One of the hardest things to figure in film is when you are on the receiving end of a large amount of bullshit. Which can be tough as the industry as a whole is powered by bullshit, collusion and treachery. For the most part that’s fine, you know where you stand.
Which makes it strange to be working with my current Producer, because he’s a really stand up guy. Which is rare. This point was brought home to me by another film maker friend of mine last week. Apparently my producer advised him against taking a certain distribution deal because to his mind the numbers didn’t crunch in his favor. (My friends, not my producers), which my friend found sort of shocking as he’s been in the industry for a really long time and it’s not usually that civil.
Which brings me to screenwriting courses.
There’s nothing wrong with going to school to learn how to write screenplays. How they’re put together, their structure and elements, how to create believable characters and the mechanics of story and genre are all important concepts and tools to have in your arsenal. I get much more nervous around the one’s who promise you, “The Blockbuster.” etc.
I’ll say one thing for Robert McKee, his course is called, “Story,” and you get two full days of discourse on story. He promises nothing, the work is up to you. He’s garrulous, cranky and opinionated and he’s also great theater. Worth the price of admission just for that fact alone. He may be a lot of things but Mr. McKee is not bullshit. Nor is Chris Vogler, or even Michael Hauge (though I’ll admit I went into his panel with a jaded eye and was pleasantly surprised). They have a decent enough track record to bear listening to.
Where I worry is the fly by nighters who have the, “Secret,” which will bust your script out of its current malaise and skyrocket it to the next level. These are the ones who talk big but have few credits to their name. When I was first looking at getting into this game, I took a class from a guy called Gordon Roback. He wrote a terrible film called, “Money,” staring Eric Stoltz. His class was called, “An introduction to screenwriting.” It should have been called, “How to destroy your film career and alienate yourself in four easy steps.” He was a pretty bitter guy (and this is coming from a pretty bitter guy) . He had no right teaching a class because he had no concept (produced film or not) of how to give us the tools to get the job done. Granted, he didn’t offer any secret either, though he did seem to have a complete hate on for Paul Ruebens (Pee Wee Herman), related to either a film deal gone bad or something that happened in the back row of a darkened movie theater.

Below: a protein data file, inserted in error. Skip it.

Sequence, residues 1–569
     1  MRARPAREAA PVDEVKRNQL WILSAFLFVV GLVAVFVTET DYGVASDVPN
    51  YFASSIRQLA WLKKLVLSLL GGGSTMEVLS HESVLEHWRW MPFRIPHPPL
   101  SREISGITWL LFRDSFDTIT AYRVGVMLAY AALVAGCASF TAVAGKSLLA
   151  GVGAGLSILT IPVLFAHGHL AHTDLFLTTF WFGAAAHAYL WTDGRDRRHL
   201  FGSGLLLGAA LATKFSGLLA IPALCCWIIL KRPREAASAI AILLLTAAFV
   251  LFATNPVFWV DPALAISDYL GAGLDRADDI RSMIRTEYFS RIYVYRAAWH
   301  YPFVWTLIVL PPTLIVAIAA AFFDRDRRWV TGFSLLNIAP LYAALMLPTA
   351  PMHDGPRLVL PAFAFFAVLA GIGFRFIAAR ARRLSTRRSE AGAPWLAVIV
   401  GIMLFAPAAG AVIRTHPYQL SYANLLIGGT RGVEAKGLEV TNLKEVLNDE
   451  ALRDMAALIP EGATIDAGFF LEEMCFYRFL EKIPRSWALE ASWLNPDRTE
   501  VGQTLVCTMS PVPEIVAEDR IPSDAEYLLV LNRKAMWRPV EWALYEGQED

This is why I kind of feel that taking classes at an honest to God film school are probably your best bet. The teachers tend to be working writers who are affiliated with the school. They’re either coming in to share insight into the process or are between gigs and are working towards getting back on a show or between specs. The guy who beat me into shape was Alan Di Fiore. He was Chris Haddock’s main writer on DaVinci’s inquest and he didn’t pull his punches (thanks for that) He’s still working away, though he’s doing it south of the border these days. In other words he had integrity and he wasn’t slinging a line of bullshit and most of everything he said has stood me in good stead throughout my career.
The bottom line is you need to be able to trust in your own ability or at least try to see the holes in your arsenal (so you can patch them up). It’s a pretty packed field so if you’re going to get noticed, you need to be better than almost everybody else out there. Gimmicks won’t do this for you. A good story and a solid grasp of what you’re doing will.
And that’s no bullshit.